Suu Kyi Attends High-Level Peace Team Meeting
By Htet Naing Zaw 23 July 2013
RANGOON — Burmese opposition leader Aung San Suu Kyi attended a Union Peacemaking Working Committee meeting for the first time at the Myanmar Peace Center (MPC) on Sunday.
Her appearance came about a week after President Thein Sein announced during his European tour that a nationwide ceasefire with ethnic armed groups would “very possibly” materialize “over the coming weeks.”
It also followed a request from the United Nationalities Federal Council (UNFC), a coalition of 11 of Burma’s ethnic armed groups, calling for Suu Kyi’s participation in their next round of talks with the Burmese government’s peace delegation.
Hla Maung Shwe, a senior advisor from the MPC, said Suu Kyi’s attendance on Sunday was not in any official capacity. Rather, the National League for Democracy (NLD) chairwoman was allowed to join in the discussion in an informal role with the permission of Shwe Mann, speaker of the Lower House of Parliament, and the Union Peacemaking Team’s Central Committee.
“Daw Aung San Suu Kyi spent 13 minutes in discussions,” Hla Maung Shwe said.
The Union Peacemaking Team was reorganized in May to liaison with ethnic armed groups in ceasefire negotiations. It is divided into two parts—the Central and Working committees—with the president, vice president, government ministers, heads of divisions, members of Parliament and the chief of Burma’s armed forces, Gen Min Aung Hlaing, all included on both committees.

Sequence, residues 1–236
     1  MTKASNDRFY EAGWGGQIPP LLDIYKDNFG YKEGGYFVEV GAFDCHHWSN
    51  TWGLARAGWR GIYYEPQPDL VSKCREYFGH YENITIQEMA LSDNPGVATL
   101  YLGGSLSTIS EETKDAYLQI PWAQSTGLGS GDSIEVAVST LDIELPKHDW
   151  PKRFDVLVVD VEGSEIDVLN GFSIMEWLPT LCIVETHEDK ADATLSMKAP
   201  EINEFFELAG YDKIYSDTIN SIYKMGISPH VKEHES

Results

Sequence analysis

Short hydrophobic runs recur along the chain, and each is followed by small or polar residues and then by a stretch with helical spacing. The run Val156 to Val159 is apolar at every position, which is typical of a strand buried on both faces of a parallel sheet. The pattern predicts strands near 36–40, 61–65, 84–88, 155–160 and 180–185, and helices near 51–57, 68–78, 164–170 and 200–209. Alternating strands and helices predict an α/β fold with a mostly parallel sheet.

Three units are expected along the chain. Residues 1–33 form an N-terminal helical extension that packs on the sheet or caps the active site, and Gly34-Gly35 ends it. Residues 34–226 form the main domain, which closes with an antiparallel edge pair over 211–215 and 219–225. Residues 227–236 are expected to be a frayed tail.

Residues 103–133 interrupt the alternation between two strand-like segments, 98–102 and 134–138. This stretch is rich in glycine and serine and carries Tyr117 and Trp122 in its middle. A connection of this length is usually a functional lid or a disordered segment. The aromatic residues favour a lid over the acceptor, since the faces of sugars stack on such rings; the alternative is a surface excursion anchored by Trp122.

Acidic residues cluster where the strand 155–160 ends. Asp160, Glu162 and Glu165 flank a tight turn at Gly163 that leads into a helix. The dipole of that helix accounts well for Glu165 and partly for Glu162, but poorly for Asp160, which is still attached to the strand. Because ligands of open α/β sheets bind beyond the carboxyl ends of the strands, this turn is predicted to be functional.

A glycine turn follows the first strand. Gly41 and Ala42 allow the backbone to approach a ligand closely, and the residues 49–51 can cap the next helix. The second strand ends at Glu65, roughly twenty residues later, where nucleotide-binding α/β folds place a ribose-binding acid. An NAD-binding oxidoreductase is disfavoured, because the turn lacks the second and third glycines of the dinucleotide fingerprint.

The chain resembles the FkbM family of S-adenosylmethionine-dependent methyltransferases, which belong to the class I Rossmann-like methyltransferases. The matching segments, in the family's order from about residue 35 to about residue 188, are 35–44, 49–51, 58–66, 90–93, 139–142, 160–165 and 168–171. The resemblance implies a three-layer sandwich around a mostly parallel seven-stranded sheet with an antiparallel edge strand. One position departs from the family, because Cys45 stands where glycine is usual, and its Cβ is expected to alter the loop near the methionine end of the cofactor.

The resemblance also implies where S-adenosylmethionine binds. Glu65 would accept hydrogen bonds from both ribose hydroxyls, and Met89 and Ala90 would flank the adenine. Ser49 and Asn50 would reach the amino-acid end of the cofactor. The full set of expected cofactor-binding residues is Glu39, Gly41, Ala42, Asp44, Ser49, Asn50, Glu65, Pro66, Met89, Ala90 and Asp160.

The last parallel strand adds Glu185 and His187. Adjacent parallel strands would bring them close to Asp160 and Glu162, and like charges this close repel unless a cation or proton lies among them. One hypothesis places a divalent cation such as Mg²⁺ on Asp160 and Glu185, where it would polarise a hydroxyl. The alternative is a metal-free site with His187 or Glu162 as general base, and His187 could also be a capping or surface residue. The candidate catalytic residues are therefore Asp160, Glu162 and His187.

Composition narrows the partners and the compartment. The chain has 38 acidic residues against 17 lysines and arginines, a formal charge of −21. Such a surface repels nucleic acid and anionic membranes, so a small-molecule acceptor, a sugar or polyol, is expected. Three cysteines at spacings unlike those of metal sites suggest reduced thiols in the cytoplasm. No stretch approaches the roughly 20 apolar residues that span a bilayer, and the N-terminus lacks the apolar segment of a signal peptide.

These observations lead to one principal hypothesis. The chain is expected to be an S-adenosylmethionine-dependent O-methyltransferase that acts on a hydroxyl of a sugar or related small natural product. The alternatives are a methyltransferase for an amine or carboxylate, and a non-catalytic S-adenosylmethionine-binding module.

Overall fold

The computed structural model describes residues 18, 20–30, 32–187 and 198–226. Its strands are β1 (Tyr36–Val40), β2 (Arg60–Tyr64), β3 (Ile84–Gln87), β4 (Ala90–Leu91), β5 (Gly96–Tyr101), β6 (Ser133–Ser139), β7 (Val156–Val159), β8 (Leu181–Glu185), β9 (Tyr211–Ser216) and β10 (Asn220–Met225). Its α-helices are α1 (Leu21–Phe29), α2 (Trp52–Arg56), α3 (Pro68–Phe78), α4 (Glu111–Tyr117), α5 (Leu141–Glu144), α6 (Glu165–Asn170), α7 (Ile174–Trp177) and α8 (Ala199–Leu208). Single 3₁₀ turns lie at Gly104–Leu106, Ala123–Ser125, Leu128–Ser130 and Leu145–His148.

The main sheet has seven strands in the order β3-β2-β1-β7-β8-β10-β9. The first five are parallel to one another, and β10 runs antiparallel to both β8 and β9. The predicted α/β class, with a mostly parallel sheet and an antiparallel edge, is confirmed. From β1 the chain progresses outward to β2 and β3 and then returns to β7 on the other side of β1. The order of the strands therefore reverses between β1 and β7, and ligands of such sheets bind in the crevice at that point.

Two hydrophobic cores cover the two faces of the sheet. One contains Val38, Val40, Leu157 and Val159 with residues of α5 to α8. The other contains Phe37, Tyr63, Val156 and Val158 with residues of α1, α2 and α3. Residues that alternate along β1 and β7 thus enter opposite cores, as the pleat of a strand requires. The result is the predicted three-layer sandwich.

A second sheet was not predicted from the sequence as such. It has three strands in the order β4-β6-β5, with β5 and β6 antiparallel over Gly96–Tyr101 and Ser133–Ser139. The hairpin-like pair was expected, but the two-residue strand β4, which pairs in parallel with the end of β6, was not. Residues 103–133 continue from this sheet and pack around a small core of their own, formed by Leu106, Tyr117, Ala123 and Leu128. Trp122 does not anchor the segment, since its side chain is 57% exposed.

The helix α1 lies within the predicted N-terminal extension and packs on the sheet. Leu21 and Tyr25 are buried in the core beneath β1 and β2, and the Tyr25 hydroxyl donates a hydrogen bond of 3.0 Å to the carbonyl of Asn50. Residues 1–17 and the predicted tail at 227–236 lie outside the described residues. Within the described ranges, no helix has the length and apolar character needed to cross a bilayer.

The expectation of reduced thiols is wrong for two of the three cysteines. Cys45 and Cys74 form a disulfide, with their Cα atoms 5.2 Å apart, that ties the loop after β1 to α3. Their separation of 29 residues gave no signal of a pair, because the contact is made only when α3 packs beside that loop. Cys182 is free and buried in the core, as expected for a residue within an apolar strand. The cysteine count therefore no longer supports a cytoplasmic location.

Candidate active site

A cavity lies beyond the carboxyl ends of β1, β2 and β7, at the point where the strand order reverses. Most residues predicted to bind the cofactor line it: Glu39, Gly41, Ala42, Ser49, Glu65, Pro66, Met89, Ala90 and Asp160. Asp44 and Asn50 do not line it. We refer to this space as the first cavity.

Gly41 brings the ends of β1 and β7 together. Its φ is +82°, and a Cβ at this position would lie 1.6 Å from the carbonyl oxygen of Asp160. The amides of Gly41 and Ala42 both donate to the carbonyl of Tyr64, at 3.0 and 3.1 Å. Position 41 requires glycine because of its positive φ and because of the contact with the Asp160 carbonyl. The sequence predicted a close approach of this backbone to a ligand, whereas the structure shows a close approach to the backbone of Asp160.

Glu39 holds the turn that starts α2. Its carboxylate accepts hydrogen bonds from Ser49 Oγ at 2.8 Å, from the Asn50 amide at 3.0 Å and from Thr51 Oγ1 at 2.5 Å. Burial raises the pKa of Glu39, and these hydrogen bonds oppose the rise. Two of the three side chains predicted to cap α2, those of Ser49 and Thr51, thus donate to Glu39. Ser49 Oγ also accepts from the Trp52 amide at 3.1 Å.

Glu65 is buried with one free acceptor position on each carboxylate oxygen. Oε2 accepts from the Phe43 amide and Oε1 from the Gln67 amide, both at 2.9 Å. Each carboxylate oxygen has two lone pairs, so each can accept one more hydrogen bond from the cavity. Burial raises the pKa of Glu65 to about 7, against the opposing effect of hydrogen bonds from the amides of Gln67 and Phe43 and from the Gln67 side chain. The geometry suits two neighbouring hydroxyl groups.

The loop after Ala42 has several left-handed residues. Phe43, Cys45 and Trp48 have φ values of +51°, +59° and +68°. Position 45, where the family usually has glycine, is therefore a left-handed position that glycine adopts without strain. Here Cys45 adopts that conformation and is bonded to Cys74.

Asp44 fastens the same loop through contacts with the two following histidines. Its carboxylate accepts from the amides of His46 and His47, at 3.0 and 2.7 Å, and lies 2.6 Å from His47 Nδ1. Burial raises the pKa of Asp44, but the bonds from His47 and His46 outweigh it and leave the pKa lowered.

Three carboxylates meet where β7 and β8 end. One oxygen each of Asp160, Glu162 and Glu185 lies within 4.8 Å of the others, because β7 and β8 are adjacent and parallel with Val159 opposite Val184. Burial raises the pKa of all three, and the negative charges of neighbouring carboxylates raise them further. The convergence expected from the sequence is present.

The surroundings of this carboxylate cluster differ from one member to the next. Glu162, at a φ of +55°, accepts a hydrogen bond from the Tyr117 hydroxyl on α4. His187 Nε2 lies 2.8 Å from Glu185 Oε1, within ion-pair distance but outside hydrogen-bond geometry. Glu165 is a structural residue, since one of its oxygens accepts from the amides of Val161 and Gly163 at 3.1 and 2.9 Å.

Hla Maung Shwe said now was the time to only implement and reinforce the various ceasefire agreements reached with armed ethnic rebel groups across the country, an approach to the peace process that some ethnic leaders have said is too narrow and doesn’t sufficiently emphasize the need to simultaneously begin a political dialogue between the parties.
The MPC official said he hoped Suu Kyi, ethnic leaders and other peace process participants would be involved in the next step: framework meetings for political dialogue.
Win Tin, a founding member of Suu Kyi’s NLD, said the government should continue moving toward establishing a political dialogue instead of remaining fixated solely on achieving a nationwide ceasefire agreement. He added that he feared the government would use Suu Kyi to win the confidence of ethnic peoples, and as a ploy to pump international assistance into Burma’s peace process.
“I’m afraid that the government will use Daw Suu just to get a ceasefire, instead of moving ahead [with a political dialogue],” he said.
Shan National League for Democracy spokesman Sai Nyunt Lwin said his party welcomed Suu Kyi’s involvement in the peace process, and would be interested to see how the Nobel laureate takes take part in the peacemaking effort.
A nationwide ceasefire agreement and initiation of a political dialogue between the government and opposition forces, including ethnic groups, would likely smooth the holding of elections in 2015 and the country’s democratic transition, and could also bolster the reputations of Suu Kyi and Shwe Mann, according to Yan Myo Thein, a Burmese political analyst.
Both political leaders have expressed interest in running for the presidency in 2015.
“Even though all-inclusiveness could lead to positive developments, we should be aware that too many cooks in the kitchen spoil the broth,” Yan Myo Thein said.